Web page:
When I worked for them it became apparent that the multiplicity of disparate systems all of which had to communicate to keep the airline running were an accident waiting to happen.

    1. Nick Ryan Silver badge

      When I worked for them it became apparent that the multiplicity of disparate systems all of which had to communicate to keep the airline running were an accident waiting to happen.

      <= THIS

      Organisations need to periodically refactor and simplify their systems, particularly after what can sometimes be decades of accumulation and evolution. Yes, there is a risk in doing this, however there is probably more of a risk in not doing this because of unknown, undocumented systems being somehow critical to operations. Like insurance, it's a gamble and in this case BA lost - now it's just a case of them working out how much money they lost as a result.

      Some organisations refactor and simplify on a continual basis which, if done well, should remove the need for more drastic measures later. However this requires more ongoing investment and planning but the upside is better systems overall and, most likely, cheaper in the long run,

      1. richard_w

        In BA's case there were 2 things which mitigated against simplification. A lack of understanding of the individual architectural components (for instance there was a mission critical PC system in many airports around the world which exactly one person in the airline understood). If it went wrong, they put him on a plane (first of course), to fix it.

        The other was the fact that many of the systems dated from the 1980s or possibly earlier, and had been changed repeatedly. The only way to fix this was to re architect them. Not quick, expensive, and gave no bang for your buck, unless you improved the functionality from the business perspective.

        1. Anonymous Coward
          Anonymous Coward

          Everything was a profit centre at BA when I was there (too long ago and too unimportant in the scheme of things to have any insight into this fuck up). Not as in profitable, but in that it had to make a profit otherwise bad things would happen.

          And with a set-up like that, IT is considered a dead weight because it's got no external clients, instead of being the backbone of the company.

          1. Grunt #1

            Internal charging.

            Internal charging would fix that.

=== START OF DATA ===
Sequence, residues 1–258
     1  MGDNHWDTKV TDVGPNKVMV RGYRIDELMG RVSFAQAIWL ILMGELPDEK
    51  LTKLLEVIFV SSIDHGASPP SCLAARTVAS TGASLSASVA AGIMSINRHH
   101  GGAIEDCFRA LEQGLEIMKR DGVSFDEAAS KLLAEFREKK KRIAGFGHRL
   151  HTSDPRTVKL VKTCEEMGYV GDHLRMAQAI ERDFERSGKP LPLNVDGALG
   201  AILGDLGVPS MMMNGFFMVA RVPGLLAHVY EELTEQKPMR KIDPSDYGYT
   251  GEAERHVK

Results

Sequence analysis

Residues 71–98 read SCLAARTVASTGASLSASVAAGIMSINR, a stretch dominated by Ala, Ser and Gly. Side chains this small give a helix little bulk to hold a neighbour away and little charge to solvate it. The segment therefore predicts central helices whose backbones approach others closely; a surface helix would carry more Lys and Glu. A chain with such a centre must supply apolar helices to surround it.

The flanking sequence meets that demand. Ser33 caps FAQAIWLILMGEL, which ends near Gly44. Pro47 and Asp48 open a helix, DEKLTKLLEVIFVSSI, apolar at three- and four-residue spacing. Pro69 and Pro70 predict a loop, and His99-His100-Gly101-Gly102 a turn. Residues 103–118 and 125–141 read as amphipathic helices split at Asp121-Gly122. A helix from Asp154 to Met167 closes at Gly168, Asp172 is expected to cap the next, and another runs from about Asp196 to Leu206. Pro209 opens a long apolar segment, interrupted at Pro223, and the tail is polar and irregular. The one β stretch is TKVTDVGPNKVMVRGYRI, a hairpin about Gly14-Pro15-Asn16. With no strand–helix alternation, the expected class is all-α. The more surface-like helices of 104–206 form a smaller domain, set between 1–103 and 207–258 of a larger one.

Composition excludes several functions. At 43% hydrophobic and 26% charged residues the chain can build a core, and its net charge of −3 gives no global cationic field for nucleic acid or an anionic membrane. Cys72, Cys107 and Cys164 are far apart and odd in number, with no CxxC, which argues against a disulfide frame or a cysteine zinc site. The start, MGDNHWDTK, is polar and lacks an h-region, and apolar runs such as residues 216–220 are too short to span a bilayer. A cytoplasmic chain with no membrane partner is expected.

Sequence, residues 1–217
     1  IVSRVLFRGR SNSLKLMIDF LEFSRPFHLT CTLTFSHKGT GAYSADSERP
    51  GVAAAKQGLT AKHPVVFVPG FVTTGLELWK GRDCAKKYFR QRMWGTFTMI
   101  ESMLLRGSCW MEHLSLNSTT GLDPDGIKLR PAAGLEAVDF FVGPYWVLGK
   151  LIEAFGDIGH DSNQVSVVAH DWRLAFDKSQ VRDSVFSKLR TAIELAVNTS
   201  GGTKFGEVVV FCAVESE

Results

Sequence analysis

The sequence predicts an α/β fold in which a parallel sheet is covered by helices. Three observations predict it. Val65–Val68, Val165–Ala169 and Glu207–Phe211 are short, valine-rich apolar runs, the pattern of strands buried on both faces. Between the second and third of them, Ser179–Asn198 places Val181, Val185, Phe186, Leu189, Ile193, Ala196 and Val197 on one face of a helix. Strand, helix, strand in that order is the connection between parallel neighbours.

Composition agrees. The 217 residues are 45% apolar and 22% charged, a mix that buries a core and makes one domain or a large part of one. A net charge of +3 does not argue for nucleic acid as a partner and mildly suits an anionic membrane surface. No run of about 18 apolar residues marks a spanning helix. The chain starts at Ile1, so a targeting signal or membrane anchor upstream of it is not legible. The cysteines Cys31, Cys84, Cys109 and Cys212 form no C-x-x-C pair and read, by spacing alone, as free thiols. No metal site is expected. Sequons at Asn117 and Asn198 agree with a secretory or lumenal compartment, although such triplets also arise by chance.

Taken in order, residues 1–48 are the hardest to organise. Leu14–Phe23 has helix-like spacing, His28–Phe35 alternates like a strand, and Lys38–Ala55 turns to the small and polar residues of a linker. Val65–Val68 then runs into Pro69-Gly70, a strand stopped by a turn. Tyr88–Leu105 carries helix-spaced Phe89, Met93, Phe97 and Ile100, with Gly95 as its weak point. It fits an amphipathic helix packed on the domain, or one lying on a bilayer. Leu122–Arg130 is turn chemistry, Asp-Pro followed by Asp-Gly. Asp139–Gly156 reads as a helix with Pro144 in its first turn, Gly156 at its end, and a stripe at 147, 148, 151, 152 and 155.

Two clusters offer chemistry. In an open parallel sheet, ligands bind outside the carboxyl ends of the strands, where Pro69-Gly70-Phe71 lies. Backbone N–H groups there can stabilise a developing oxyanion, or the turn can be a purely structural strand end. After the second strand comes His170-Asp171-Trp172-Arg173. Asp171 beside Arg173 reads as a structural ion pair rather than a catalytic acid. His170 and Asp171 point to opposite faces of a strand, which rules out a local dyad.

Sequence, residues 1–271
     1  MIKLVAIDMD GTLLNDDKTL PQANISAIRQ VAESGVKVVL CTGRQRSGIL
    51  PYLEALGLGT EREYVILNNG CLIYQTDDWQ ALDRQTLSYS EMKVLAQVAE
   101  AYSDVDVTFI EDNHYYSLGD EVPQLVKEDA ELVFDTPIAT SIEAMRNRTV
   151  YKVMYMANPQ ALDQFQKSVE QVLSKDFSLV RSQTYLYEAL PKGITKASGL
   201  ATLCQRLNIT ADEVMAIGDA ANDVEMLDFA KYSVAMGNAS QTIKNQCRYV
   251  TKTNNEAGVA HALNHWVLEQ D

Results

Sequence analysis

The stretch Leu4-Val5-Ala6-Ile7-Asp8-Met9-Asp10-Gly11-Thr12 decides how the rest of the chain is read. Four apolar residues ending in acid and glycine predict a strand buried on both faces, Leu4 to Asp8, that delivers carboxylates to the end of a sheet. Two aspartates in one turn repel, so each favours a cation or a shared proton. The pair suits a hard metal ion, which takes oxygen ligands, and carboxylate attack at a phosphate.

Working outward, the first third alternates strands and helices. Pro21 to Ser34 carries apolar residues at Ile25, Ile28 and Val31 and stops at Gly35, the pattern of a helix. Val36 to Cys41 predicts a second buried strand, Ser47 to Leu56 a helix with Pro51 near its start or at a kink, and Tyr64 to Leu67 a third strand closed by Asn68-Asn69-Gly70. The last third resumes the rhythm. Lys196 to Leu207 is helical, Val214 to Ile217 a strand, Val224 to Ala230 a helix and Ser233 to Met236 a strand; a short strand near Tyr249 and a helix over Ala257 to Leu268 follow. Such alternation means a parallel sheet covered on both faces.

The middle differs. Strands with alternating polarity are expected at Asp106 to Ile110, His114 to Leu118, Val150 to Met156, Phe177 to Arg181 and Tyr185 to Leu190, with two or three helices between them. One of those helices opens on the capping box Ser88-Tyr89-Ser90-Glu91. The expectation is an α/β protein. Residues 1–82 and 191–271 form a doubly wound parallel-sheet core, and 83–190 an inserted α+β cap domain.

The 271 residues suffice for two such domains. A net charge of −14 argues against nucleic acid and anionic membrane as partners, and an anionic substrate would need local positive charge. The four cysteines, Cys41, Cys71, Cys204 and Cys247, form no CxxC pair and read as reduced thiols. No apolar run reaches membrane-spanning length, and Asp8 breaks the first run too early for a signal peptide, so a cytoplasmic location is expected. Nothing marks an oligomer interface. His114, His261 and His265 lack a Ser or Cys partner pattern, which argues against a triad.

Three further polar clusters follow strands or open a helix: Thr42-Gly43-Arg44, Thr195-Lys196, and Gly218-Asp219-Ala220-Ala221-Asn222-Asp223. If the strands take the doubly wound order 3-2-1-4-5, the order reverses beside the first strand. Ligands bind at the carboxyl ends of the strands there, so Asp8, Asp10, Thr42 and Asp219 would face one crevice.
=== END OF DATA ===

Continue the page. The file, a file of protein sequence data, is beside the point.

2. Dunstan Vavasour

        If there's a part of your environment that everybody's afraid to fix in case it breaks, that's the first bit you should be fixing.

      3. Anonymous Coward
        Anonymous Coward

        I think BA did refactor their systems, to modernise them. But poor design, low calibre software engineers, possibly cheap outsourcing the development off-shore, inadequate testing is what is now leading to most of the problems BA is experiencing. I think the most recent incident is probably a combination of an initial hardware problem and then a massive issue of trying to recover crashed applications and databases, messaging systems which have left apps in inconsistent states and thus very difficult to recover.

    2. Anonymous Coward
      Anonymous Coward

      Risk Appetite

      I work in the transport business supporting some large systems. The level of risk appetite is scarily low. I could tell you a few horror stories, but I'd be recognised. Hardware, software is not updated, operating systems not patched, because the customers are too frightened in case it causes future operational issues. The customer is frightened to reboot servers in case they don't come back up.

      1. Anonymous Coward
        Anonymous Coward

        Re: Risk Appetite

        That would probably be the same transport company that has no meaningful DR plan, and wouldn't know which systems to restore in what order in the event of an outage. Senior exec capability is scarily low in both BAU and projects. Actually I think most transport cos are like this from what I've seen...

  26. Anonymous Coward
    Anonymous Coward

    How was a surge possible?

    They not using UPS kit?

    Also, am I getting the wrong end of the stick here in assuming that their live kit and BC kit was in the same building?

    1. Anonymous Coward
      Anonymous Coward

      Re: How was a surge possible?

      Probably wasn't a surge. They initially said it was a power failure. It was only Cruz that mentioned a surge. And UPS's are not infallible, the batteries need to be maintained and only have a finite life.

  27. John Smith 19 Gold badge
    Unhappy

    A note on message passing.

    In IBM MF land message queues (msgq in the AS400 command language) are effectively named pipes which can link processes. They can expand if the "writer" is producing a lot more data than the "reader" can accommodate at any one time. IIRC they can also do character set translation (EG EBCDIC to ASCII) which is handy give a lot of stuff is not EBCDIC as standard.

    BTW there is also an MS version of MQ series.

    I can't recall if the reader dies wheather that can pause the writer process or if the queue just keeps getting bigger (the simple programming option is the MQ just deals with it. No special case handling required).